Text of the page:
Sir Mo Farah has criticised the degree of attention given to his relationship with coach Alberto Salazar and has announced he wants to be known as "Mohamed" after stating "Mo is done".
The 34-year-old claimed a silver medal in his last track championship race in London, finishing behind Ethiopia's Muktar Edris in the 5,000 metres on Saturday night.
Farah is now switching his focus to road racing and wants it to be a fresh start, with the four-time world champion ditching "Mo" to become known as "Mohamed".
"My road name is Mohamed," Farah said. "I just feel like Mo is done. I need to forget about what I've achieved and what I've done."
His coach Salazar has been a hot topic throughout these World Championships despite not attending and he is currently being investigated by the US Anti-Doping Agency.
Farah joined Salazar's Nike Oregon Project in 2011 and the pair have enjoyed huge success together, with the British star winning four Olympic gold medals and six world titles - including his 10,000m crown last week.
Their success has not come without scrutiny and Farah -- who will retire from the track at the end of the month to focus on road racing -- feels it is unfair.
He said: "It's like a broken record, repeating myself, if I've crossed the line, if Alberto's crossed the line...why bring it up year after year, making it into headlines? I've achieved what I have achieved -- you're trying to destroy it.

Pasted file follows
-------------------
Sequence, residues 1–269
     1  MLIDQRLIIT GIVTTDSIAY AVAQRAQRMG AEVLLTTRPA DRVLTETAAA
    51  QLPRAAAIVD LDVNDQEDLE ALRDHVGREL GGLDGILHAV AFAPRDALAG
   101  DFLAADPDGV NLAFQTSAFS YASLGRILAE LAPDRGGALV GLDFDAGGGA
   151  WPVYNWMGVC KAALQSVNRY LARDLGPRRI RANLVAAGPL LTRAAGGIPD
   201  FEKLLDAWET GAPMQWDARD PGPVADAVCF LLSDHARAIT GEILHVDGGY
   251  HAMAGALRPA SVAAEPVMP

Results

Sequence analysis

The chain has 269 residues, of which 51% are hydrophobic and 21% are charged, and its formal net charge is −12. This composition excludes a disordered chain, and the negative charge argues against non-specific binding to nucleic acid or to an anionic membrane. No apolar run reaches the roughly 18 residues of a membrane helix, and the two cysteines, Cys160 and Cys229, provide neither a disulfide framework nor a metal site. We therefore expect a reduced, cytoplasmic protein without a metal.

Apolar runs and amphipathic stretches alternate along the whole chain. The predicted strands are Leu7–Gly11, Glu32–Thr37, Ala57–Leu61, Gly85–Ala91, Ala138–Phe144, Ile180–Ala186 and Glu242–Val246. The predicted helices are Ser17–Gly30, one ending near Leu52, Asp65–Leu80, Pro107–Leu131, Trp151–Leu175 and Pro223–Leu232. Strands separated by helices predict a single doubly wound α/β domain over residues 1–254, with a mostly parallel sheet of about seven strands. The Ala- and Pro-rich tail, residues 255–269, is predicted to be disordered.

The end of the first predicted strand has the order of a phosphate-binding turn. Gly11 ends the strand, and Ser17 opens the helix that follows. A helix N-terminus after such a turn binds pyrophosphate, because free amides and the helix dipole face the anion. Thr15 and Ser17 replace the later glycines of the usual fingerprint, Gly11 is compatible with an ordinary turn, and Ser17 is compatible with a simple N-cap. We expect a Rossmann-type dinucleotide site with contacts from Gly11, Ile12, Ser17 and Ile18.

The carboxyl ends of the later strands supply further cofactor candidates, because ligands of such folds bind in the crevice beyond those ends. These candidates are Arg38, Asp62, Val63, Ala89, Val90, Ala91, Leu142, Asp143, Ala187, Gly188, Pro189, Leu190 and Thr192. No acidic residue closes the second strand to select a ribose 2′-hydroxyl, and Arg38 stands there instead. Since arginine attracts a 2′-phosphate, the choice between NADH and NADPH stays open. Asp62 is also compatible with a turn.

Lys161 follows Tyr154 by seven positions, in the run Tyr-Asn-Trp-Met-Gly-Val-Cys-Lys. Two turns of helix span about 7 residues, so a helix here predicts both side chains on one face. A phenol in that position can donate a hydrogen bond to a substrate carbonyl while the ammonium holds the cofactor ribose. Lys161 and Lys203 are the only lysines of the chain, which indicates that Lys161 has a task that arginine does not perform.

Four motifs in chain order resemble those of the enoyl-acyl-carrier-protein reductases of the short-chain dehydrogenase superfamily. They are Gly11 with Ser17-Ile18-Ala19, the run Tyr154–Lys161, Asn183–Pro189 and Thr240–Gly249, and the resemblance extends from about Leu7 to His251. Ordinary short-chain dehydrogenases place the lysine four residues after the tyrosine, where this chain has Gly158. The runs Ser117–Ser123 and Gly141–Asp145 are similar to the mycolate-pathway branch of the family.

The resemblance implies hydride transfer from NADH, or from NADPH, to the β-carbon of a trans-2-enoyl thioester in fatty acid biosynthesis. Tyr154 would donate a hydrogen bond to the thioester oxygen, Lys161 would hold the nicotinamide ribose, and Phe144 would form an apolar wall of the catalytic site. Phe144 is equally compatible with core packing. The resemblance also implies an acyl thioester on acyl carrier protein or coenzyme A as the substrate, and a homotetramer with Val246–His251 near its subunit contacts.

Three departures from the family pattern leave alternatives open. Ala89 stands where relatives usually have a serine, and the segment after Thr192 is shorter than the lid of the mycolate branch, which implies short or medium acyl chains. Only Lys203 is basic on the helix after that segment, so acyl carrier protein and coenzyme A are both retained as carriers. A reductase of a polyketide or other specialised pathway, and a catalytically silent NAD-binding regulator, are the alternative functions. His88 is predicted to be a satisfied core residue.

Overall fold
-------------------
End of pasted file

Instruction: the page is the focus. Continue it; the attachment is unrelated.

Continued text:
"You have to educate the right people to say what's fair. So many times, you guys have been unfair to me. I know that. But say it how it is.
"I want you to write the truth about what's out there and educate people out there. But be honest with them.
"History doesn't lie. What I achieved over the years, people are proud of me. You can write what you like. The fact is I've achieved what I have from hard work. Putting my balls on the line, year after year and delivering for my country.
"There's nothing else to be said. History doesn't lie. I've achieved what I have through hard work and dedication, year after year. Sometimes I find it bizarre how certain people write certain things to suit how they want to sell the story."
Farah also dismissed any significance over Salazar's absence and is still unsure over if the pair will continue together when he switches to the road.
He said: "I haven't thought that far ahead. I've a few races left, Then I'll take a nice break. And see how it goes.
"How many races has he been to this year for me or last year? He hasn't been to any races. For the last three or four years I have been pretty much by myself and it didn't make much difference really -- I knew what I needed to do."